Tweetbot 2.7, released today for the iPhone and iPad, comes with a new Browser setting to specify an external app for opening links. I have been testing the feature and I’m a big fan of this update.
In the Settings, you can now choose to open links directly in Safari, Google Chrome, or 1Password. There are two ways to do this: you can choose to keep opening links in Tweetbot’s own web view and then forward them to your browser of choice; or you can skip Tweetbot’s web view altogether and go directly to a different browser upon tapping a link.
Opening links in Safari and 1Password doesn’t have anything special to it aside from the fact that you’ll be taken out of Tweetbot and into another browser. The 1Password integration is particularly useful as it is, essentially, the same idea behind my bookmarklet, only available inside Tweetbot: if you see a link for a website that you also want to log into, you can use 1Password’s built-in browser to access it.
Using Chrome alongside Tweetbot is my new favorite option, as it leverages Chrome’s support for x-callback-url to enable a completely automated workflow to open Chrome and go back to Tweetbot. If you open a link in Google Chrome, a new tab will open showing a back button labeled “Tweetbot”; once you’re done reading, you can hit that button to automatically close the tab and be taken back to your position in the Tweetbot timeline. Chrome is smart in hiding the back button if you navigate to other pages from the Tweetbot-created tab; the browser also remembers the “special” tab if you switch to other tabs and then go back to the one created by Tweetbot. There’s a minor bug in this version that will redirect to the Tweetbot’s Timeline when you open a link from Mentions, but Tapbots is aware of it. For me, this is a very welcome addition to Tweetbot as it allows my two most-used iOS apps to better communicate with each other without requiring me to manually move between apps. I can get all the benefits of using an external browser (Facebook sharing, using bookmarklets) while still being able to go back to Tweetbot seamlessly.
For Flickr and Vine users, Tweetbot 2.7 also adds inline previews. Vine’s short videos are shown with a standard iOS video player that has a play/pause button.
Tweetbot 2.7 is a minor, yet useful update for Chrome and 1Password users who have been wishing the app could open links in other browsers. You can find the update on the App Store (iPhone, iPad).
An update to Tweetbot for Mac — my go-to Twitter client — was released today on the App Store. Tweetbot 1.1 doesn’t bring major new features, but it’s got a fair amount of bug fixes and minor improvements that I like.
For Mountain Lion users, there’s an “All Notifications” option in the Settings to, literally, receive all notifications for your stream. This means you’ll see every tweet from every user you follow show up in Notification Center as soon as they tweet. I can’t use this because I follow too many people (I would get a notification every few seconds), but it can be useful for timelines following less users. What I really like is the option to show a Visual Sync Marker (like on iOS) and to globally invoke the app/new tweet window with a hotkey.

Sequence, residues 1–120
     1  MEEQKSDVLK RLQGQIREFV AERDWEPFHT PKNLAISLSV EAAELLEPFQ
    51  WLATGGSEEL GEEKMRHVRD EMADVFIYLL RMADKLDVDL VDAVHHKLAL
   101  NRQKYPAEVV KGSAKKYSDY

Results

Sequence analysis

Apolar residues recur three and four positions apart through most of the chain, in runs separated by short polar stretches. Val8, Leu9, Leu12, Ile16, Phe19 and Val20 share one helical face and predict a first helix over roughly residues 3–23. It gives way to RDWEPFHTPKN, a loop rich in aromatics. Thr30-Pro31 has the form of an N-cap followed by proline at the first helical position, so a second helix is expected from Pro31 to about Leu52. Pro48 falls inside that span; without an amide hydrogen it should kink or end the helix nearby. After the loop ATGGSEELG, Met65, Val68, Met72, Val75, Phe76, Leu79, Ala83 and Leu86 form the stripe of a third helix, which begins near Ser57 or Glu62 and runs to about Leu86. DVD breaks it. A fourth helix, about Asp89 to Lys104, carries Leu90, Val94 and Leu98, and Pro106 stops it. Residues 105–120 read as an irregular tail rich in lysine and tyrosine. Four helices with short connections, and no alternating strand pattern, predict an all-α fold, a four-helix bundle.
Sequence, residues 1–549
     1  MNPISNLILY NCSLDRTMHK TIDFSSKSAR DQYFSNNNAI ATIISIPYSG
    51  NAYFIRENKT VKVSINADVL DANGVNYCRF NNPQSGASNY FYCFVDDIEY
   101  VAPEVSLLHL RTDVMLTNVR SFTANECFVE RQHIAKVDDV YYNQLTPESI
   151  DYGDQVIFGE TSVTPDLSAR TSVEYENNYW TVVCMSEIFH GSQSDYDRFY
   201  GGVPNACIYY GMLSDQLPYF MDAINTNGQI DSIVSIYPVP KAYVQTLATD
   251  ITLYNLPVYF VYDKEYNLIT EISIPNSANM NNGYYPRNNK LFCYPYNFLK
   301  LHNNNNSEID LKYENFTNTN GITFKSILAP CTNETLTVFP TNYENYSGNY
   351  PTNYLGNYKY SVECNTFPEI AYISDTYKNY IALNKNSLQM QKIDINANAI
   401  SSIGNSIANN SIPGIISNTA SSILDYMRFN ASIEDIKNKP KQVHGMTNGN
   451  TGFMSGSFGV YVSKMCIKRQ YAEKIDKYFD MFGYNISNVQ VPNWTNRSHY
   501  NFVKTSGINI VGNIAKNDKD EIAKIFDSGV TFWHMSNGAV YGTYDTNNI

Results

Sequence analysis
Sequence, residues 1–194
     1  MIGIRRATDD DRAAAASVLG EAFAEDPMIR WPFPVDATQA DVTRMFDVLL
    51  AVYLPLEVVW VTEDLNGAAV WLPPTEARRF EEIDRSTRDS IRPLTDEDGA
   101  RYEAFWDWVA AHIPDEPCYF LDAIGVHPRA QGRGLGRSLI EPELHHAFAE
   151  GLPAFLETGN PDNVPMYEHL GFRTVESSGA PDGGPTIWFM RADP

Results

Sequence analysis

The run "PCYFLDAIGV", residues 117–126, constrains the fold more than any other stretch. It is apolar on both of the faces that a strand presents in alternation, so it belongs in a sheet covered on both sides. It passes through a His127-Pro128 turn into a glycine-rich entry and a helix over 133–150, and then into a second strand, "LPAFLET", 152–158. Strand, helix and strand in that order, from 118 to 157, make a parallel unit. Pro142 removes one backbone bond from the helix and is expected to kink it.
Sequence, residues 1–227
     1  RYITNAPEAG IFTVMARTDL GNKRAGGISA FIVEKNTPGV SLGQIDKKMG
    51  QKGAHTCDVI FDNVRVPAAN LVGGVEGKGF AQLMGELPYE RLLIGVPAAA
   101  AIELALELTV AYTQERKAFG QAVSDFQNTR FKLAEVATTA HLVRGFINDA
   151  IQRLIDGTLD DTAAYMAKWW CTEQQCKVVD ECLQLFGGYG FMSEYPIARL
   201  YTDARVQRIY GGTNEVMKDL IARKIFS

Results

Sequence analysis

Last, there are many other fixes and improvements such as new keyboard shortcuts, better “pin to top” for non-streaming columns, and better compatibility with Moom. Tweetbot continues to be my favorite Twitter client on the Mac and it’s available at $19.99 on the Mac App Store.
I write in English, but I live in Italy. Some of my Twitter followers are Italian, too, and I like to talk to them in my native language. In the past weeks, I noticed an annoying bug: Tweetbot for Mac, my Twitter client of choice, couldn’t disable auto-correct (Edit > Spelling and Grammar > Correct Spelling Automatically) permanently. The option is there, but it appears it “doesn’t stick” after you enable it to send a tweet without auto-correct. This led to an increasing number of misspelled Italian tweets with English words mixed in (as per my Mac’s system language).
Fortunately, I’ve found the solution here. With a simple Terminal command, you can override Tweetbot’s default setting and disable auto-correct (but not spell checking) automatically.
This is exactly what I was looking for, so make sure to hit the source link to check out the full command.
A minor update to Tweetbot has been released today by Tapbots: among bug fixes, version 2.6.1 introduces a slightly tweaked user interface with a different design for buttons and icons seen throughout the app. Unchanged since the first version, the new icons are similar to the old ones, yet somewhat more rounded and, in my opinion, peculiar.
Like I said, it is a very minor change. However, if you, like me, stare at Tweetbot for several hours a day, it is something you’ll quickly notice upon updating to 2.6.1. It certainly contributes to subtly differentiating Tweetbot from Netbot, which I appreciate.